*Note to enable shorting you will need to go to User Account > Gameplay

What is shorting?

It’s like buying shares, but the opposite.

When you buy a stock, you think it’ll go up. When you short a stock, you think it’ll go down. Instead of offering to buy shares, you’re offering to sell shares.

Here’s how it works:

  • You believe a share’s price will go down.
  • You offer to sell shares you don’t currently own by placing a Short sell order at your price.
  • If someone places a Buy order to match your Sell price, then the trade is executed.

Then what?

  • If the price goes down, you profit! If it goes up, you don’t.
  • You can offer to buy those shares during live, or hold until the final payout.
  • Your “hold” is the short’s maximum exposure, which is the top payout ($25) minus the price of the share.

How about an example?

Jordan Spieth is currently T-5 in this week’s PGA event. You think he is overachieving and his price will come down from $14.

Seeing the current bid price of $14, you place a Short order for 3 shares at $14. Your cost is:

3 Shares * ($25 max payout – $14 price) = $33.

At the end of the tournament, it turns out your intuition was correct. Spieth fell to 28th place and paid out $6 per share.

Your profit is:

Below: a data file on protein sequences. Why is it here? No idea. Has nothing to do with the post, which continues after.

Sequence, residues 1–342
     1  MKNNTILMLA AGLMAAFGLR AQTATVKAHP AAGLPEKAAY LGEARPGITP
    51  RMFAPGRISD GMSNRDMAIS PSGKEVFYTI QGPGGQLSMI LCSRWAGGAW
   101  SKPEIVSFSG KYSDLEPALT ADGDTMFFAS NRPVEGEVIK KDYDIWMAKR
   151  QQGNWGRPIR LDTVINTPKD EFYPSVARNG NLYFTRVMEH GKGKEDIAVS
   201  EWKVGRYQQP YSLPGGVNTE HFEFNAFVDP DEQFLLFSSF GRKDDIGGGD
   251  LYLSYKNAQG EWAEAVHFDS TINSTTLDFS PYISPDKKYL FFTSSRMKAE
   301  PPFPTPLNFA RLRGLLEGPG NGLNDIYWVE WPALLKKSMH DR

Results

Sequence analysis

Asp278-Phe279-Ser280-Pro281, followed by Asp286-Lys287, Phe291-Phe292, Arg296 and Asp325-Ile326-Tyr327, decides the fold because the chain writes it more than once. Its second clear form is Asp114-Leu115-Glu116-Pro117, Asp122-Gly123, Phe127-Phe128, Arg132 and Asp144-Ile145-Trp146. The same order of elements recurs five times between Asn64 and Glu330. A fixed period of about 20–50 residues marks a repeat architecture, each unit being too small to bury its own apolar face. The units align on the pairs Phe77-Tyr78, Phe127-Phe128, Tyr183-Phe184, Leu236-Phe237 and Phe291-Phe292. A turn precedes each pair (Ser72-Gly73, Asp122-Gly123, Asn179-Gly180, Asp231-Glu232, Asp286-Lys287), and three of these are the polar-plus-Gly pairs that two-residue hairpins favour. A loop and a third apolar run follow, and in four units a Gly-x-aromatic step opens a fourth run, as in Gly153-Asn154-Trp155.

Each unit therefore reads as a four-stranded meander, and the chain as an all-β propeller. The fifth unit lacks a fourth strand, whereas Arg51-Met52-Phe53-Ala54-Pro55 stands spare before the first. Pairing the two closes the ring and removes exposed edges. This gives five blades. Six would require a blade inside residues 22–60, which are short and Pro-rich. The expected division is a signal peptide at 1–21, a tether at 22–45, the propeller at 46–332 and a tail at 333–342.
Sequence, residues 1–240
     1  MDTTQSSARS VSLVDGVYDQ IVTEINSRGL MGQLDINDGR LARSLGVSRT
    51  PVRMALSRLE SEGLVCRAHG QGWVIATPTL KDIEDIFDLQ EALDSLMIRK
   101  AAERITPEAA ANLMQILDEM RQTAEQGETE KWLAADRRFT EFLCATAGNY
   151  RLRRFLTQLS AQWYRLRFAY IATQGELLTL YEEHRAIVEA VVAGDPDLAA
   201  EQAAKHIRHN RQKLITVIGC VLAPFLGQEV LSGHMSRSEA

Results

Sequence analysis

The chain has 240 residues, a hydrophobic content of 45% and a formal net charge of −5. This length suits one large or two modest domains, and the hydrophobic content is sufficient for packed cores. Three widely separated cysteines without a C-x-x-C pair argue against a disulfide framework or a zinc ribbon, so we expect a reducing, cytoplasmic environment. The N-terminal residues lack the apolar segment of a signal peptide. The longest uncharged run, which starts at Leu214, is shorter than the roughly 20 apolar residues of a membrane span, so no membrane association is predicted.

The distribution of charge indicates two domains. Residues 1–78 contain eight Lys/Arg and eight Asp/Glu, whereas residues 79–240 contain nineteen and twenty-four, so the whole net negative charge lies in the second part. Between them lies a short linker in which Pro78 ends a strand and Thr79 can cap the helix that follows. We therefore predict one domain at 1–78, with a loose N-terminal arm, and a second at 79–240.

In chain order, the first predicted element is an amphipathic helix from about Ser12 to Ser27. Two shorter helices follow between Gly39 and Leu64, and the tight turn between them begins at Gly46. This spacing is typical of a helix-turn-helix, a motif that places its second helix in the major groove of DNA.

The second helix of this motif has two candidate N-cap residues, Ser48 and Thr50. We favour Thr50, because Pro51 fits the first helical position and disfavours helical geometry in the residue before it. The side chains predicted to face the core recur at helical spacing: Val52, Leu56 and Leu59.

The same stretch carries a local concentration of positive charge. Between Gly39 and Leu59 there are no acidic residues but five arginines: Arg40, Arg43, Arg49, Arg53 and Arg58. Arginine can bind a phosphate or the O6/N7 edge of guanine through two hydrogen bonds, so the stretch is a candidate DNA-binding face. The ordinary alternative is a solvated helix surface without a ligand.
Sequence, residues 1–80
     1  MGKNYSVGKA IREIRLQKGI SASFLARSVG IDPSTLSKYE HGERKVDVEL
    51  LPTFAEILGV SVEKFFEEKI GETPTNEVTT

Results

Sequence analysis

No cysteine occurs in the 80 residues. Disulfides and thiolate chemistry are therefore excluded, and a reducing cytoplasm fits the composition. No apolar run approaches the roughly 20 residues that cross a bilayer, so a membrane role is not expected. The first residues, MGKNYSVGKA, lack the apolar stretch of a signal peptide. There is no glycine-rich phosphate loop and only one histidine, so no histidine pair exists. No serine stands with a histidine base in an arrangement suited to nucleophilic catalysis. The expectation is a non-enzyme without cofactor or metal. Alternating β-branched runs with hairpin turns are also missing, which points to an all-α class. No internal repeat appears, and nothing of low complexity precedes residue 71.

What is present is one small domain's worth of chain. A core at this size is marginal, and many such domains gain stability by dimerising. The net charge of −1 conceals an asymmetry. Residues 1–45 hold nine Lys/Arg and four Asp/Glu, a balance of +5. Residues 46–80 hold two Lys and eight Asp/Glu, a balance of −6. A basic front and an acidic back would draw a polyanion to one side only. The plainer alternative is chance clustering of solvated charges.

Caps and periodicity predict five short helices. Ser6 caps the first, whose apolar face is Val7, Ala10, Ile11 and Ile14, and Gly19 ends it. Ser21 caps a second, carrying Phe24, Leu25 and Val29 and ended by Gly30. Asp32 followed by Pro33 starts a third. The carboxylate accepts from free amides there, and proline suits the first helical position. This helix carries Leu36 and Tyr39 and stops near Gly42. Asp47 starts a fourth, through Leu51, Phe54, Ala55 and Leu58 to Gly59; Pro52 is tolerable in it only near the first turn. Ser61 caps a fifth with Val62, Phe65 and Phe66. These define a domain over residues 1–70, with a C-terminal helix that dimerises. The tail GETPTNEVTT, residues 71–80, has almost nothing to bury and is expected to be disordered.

3 shares * ($14 avg cost – $6 final price) = $24. Woo!

Can I short during IPO?

Long time jockers know that since we launched shorting last year, it’s only been available in the live phase of the game. Well, that’s about to change! We are launching IPO SHORTING with our newest update and wanted to let you know all the in’s and out’s of shorting during the IPO phase. Shorting during IPO mainly works the same as live shorting, but the key differences are listed below.

Mixed Positions

In IPO shorting, we don’t allow mixed positions. This means that you can’t both short and long the same stock. Since we don’t allow order editing either, be careful when placing an IPO short because you can’t get out of the position until live trading starts.

Dynamic Hold

In live trading, the “hold” (the amount used in your balance to cover your short) is based on your trade price. For example, if you short sold Spieth at $14 like the example above, your hold would be $11 per share. This would be because the most you could lose per share would be if Spieth won the tournament and paid out $25 per share ($14-$25 = -$11). In IPO shorting, your hold changes based on the latest price. If you short sold Spieth in IPO at $10 a share, the hold on your account would be $15 per share to cover your max loss ($10-$25 = -15). However, if the market bids Spieth’s price up to $15 your hold would reduce to $10 a share because your max loss would decrease ($15-25=-$10).

FAQ

What is my maximum exposure?

If the share’s price increases, then your shares decrease in value. The worst case scenario is the player whose shares you have shorted finishes in first and pays out $25. We hold that “max hold” as your cost basis for the trade, which is $25 minus the trade price.

Can I use margin?

Nope. All trades must be covered by available balance in your account, whether they are short or long.

How can I close out of my position?

To close out of your short position, you can place a bid to buy shares (at or above the current Ask price to execute immediately), or hold until the end of the event. If you hold until the end of the event, then your payout is $25 minus the final share price.

Any other questions? Reach out to support at jockmkt dot com!

Ready to Start Trading?

X